Retention in Care Drives Adherence in PrEP Implementation Programs


The proportion of gay and bisexual men who started and remained on Truvada for pre-exposure prophylaxis (PrEP) varied in real-world implementation programs in 3 mid-size U.S. cities, but retention in care was "consistently suboptimal," according to a study described in the June 13 online edition of the Journal of the International AIDS Society. Among those who did remain in care, however, adherence was good.

Controlled clinical trials have shown that Truvada (tenofovir/emtricitabine) lowers the risk of HIV infection by more than 90% if used consistently. The international iPrEx trial, for example, saw a 92% reduction in HIV risk among gay and bisexual men with drug levels showing regular use, and in an open-label extension of theiPrEx, no one who took Truvada at least 4 times per week became infected.But fewer studies have evaluated PrEP use and retention in care in real-world settings outside of clinical trials.

Philip Chan from the Miriam Hospital in Providence, Rhode Island, and colleagues looked at outcomes in PrEP clinical care implementation programs in Providence; Jackson, Mississippi; and St. Louis, Missouri, between January 2014 and September 2015.

All 3 PrEP programs were the first in their states. In Providence PrEP was offered at a sexually transmitted disease and HIV prevention clinic, in Jackson it was offered at a LGBT outpatient clinic, and in St. Louis it offered at an infectious disease specialty clinic with a majority of referrals coming from outpatient medical providers.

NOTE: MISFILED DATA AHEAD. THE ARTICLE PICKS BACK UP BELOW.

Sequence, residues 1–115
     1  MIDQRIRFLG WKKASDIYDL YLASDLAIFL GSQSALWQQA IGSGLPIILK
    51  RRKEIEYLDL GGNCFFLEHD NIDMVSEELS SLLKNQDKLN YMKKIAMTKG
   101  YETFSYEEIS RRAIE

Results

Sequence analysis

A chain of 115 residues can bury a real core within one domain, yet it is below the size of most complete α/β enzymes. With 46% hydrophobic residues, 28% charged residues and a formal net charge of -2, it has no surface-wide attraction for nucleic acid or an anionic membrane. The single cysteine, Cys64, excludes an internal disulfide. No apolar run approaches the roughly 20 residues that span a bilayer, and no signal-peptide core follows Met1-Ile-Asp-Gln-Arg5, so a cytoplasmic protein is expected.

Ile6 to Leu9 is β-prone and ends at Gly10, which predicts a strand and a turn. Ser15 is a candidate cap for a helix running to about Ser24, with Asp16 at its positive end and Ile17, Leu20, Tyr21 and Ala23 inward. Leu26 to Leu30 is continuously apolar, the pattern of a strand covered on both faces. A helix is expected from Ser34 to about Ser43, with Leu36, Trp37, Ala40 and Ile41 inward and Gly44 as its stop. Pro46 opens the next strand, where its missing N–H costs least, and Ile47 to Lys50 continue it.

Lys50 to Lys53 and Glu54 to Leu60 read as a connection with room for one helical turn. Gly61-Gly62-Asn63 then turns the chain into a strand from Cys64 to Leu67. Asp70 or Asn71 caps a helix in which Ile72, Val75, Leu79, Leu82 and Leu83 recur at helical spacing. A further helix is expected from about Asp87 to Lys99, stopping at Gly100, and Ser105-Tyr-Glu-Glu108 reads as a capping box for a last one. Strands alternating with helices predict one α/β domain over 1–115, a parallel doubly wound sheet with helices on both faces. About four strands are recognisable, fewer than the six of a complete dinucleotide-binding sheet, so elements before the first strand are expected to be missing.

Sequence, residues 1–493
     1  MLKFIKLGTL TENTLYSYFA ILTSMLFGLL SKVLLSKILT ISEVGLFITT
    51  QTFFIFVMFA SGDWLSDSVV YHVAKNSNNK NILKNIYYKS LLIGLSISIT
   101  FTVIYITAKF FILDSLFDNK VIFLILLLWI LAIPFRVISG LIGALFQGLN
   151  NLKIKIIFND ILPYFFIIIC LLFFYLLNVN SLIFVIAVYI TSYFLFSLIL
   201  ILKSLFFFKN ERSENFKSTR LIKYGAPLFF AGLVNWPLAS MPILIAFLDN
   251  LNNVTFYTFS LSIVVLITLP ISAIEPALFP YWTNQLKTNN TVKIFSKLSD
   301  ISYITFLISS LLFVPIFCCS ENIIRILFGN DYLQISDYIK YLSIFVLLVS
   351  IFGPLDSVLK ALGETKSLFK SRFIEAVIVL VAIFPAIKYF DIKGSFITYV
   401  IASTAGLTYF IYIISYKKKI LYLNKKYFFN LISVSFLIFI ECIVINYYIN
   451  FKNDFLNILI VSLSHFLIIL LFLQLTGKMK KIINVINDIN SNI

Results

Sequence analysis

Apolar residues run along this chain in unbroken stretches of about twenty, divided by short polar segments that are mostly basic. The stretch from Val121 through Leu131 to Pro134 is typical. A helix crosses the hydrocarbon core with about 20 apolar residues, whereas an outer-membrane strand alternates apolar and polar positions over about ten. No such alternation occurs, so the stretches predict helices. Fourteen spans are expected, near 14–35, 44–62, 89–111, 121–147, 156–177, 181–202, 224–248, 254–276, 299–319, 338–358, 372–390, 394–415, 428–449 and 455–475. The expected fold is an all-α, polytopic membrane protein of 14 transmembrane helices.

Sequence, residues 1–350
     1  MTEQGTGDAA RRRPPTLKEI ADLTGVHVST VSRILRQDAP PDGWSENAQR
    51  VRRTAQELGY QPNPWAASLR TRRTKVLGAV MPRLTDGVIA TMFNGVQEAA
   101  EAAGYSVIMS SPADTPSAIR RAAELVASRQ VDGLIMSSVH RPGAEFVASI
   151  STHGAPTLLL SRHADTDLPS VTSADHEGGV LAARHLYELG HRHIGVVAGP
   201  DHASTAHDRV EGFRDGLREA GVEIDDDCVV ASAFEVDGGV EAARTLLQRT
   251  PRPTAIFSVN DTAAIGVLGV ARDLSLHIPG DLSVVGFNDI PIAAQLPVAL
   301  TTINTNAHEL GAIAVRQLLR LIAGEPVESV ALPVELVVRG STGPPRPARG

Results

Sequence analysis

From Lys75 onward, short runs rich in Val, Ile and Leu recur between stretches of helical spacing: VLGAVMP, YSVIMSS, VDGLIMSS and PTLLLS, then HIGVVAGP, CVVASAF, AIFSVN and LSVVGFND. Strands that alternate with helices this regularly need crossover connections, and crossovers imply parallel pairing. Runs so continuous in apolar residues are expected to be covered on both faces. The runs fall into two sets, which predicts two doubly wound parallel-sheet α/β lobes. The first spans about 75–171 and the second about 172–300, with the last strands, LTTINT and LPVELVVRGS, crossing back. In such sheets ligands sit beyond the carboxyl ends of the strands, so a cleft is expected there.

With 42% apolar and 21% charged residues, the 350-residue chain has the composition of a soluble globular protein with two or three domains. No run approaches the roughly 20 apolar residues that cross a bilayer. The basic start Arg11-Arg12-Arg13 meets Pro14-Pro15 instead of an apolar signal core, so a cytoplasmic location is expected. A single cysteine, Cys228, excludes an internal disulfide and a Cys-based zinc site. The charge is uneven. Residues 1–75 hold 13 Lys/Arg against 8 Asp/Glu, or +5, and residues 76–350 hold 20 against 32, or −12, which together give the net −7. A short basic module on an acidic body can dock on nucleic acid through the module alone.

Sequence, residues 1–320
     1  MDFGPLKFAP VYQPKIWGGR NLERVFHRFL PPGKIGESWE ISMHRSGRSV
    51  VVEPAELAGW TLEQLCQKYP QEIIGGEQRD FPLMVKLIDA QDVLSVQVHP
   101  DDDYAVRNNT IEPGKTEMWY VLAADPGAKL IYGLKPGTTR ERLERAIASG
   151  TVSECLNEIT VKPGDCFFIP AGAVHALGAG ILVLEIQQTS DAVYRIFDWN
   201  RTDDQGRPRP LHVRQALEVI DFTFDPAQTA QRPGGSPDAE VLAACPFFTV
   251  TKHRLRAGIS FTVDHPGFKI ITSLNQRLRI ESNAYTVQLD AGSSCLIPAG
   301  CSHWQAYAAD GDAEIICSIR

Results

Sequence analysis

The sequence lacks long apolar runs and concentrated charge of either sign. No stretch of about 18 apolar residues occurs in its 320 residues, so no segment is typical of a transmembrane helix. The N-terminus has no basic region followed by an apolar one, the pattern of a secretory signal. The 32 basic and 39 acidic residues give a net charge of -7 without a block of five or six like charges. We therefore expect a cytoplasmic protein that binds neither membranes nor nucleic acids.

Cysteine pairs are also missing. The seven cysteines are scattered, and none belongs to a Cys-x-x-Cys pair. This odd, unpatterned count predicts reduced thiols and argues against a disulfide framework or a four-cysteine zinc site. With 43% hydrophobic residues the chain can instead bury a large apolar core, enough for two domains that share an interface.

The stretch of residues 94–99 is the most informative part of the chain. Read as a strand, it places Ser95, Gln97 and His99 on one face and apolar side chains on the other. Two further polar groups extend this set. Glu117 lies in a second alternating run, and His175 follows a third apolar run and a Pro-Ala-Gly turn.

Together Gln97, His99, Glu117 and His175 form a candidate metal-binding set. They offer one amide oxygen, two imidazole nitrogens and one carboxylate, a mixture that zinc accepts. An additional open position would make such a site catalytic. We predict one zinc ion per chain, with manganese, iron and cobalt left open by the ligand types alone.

Participants were asked to come for follow-up every 3 months, and adherence was assessed based on self-reports.


"In 3 geographically diverse PrEP implementation programs, we found suboptimal retention in care at 6 months across all sites due to a combination of structural and individual-level factors," the study authors concluded. "Diverse strategies to pay for medications, laboratory costs, and provider time, as well as interventions to promote retention in care are likely needed to reach and retain patients at highest risk for contracting HIV."

"Identifying individuals at the highest risk for acquiring HIV and financial constraints are two commonly perceived barriers to implementing PrEP," they wrote. "We were able to overcome these barriers and prescribe PrEP to diverse MSM at high risk for acquiring HIV across three clinical settings. Because a much larger fraction of patients in Mississippi was uninsured, assistance programs were critical to facilitate PrEP uptake in this setting."

"Among patients retained in care, the overwhelming majority reported adherence rates commensurate with the minimum required for PrEP efficacy," they continued. "Our results, robust across 3 sites and 3 different socio-economic environments, demonstrated that retention in PrEP-related care may be the biggest challenge in ensuring that PrEP’s protective benefits are maximized in real-world clinical settings…Interventions to improve retention will likely need to be tailored to specific economic, social, and clinical environments."



PA Chan, L Mena, R Patel, et al. Retention in care outcomes for HIV pre-exposure prophylaxis implementation programmes among men who have sex with men in three US cities. Journal of the International AIDS Society. Published online June 13, 2016.